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Erdoğan appoints controversial figure as Turkey’s top prosecutor

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Turkish President Recep Tayyip Erdoğan has appointed a controversial judge at the Supreme Court of Appeals who was behind a recent crisis between the country’s top two courts as the appeals court’s chief prosecutor.

Erdoğan appointed Muhsin Şentürk as chief prosecutor among five candidates who ran for the position and received the highest number of votes in an election held on Monday.

Erdoğan’s decision was published in the Official Gazette on Thursday.

Şentürk, the head of the court’s 3rd Criminal Chamber, was the runner-up in the election, receiving 77 votes. He was preceded by Yaşar Şimşek, the head of the 5th Criminal Chamber, who garnered 86.

Muhsin Şentürk

Erdoğan appointed Şentürk despite the fact that he was the runner-up in the election. The three other candidates received fewer votes than Şentürk.

The Supreme Court of Appeals has 348 members.

Şentürk will replace Bekir Şahin, whose four-year term will expire on June 4.

Şentürk, known to be close to the far-right Nationalist Movement Party (MHP), is a controversial figure who, as head of the court’s 3rd Criminal Chamber, late last year and earlier this year refused to comply with two rulings from the Constitutional Court that found rights violations in the continued incarceration of opposition lawmaker Can Atalay, who gained parliamentary immunity with his election in May 2023.

Atalay remains in prison and stripped of his parliamentary status due to resistance from the Supreme Court of Appeals, which upheld his sentence in the politically motivated Gezi Park trial.

The court’s resistance to the Constitutional Court’s decisions on Atalay led to an unprecedented judicial crisis in Turkey which saw the filing of criminal complaints against members of the Constitutional Court by the Supreme Court of Appeals.

It has also raised concerns about the rule of law and the separation of powers in Turkey, with critics arguing that defiance of Constitutional Court’s decisions undermines democratic principles and legal certainty.

Main opposition Republican People’s Party (CHP) leader Özgür Özel on Thursday voiced his disappointment with the appointment of Şentürk, whom he described as the “symbol of the violation of the constitution,” referring to his stance in the Atalay case.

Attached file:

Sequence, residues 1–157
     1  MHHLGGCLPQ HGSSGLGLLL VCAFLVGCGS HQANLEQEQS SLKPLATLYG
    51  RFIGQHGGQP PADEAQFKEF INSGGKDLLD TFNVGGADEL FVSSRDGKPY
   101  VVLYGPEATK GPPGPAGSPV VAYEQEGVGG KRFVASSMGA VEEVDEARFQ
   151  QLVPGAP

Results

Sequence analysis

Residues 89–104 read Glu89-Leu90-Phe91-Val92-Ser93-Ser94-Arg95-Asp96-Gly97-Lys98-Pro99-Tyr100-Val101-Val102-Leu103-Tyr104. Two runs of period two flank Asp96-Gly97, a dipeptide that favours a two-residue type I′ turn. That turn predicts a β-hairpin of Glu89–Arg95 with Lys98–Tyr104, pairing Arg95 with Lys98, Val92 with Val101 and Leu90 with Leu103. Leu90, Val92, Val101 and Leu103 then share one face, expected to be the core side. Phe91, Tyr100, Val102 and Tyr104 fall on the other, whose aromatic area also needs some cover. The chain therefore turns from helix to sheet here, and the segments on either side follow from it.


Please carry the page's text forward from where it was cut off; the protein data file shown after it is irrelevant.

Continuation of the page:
Özel said the appointment of Şentürk shows the ruling Justice and Development Party’s (AKP) insistence on violating the current constitution at a time when it’s talking about drafting a new constitution and refuses to comply with efforts at normalization that materialized following the March 31 local elections.

The AKP suffered the largest election defeat in its history on March 31, while the CHP emerged as the most successful party, holding on many big municipalities and winning in others, previously known as AKP strongholds.

Şentürk was actually hoping to become the court’s president, who was finally elected on Tuesday after a weeks-long delay. He withdrew his candidacy last week in favor of the court’s former president, Mehmet Akarca, reportedly upon a demand from President Recep Tayyip Erdoğan.

Akarca’s term in office expired on March 24.

The rounds of voting, which began on March 25, had to be repeated multiple times since none of the candidates managed to receive 175 votes, constituting a simple majority.

One of the candidates, Ömer Kerkez, who was not favored by President Erdoğan, was elected in the 37th round of voting, ending a weeks-long delay and speculation about the court’s new head.

The prolonged limbo in the election of the president of the Supreme Court of Appeals was said to be the result of a power struggle among followers of various political and religious groups within the court.

The Supreme Court of Appeals is the court of last instance for reviewing verdicts handed down by criminal and civil courts in Turkey.

The Turkish judiciary faces widespread criticism for its perceived lack of independence. Critics accuse Erdoğan of exerting control over the judiciary and establishing one-man rule in the country, particularly after a coup attempt in 2016, following which he launched a massive crackdown on non-loyalist citizens and the country’s subsequent transition to a presidential system of governance, which granted him vast powers.

Many say there is no longer a separation of powers in the country and that members of the judiciary are under the control of the government and cannot make judgments based on the law.

In a development that validated the critics, Turkey was ranked 117th among 142 countries in the rule of law index published by the World Justice Project (WJP) in October, dropping one rank in comparison to last year.

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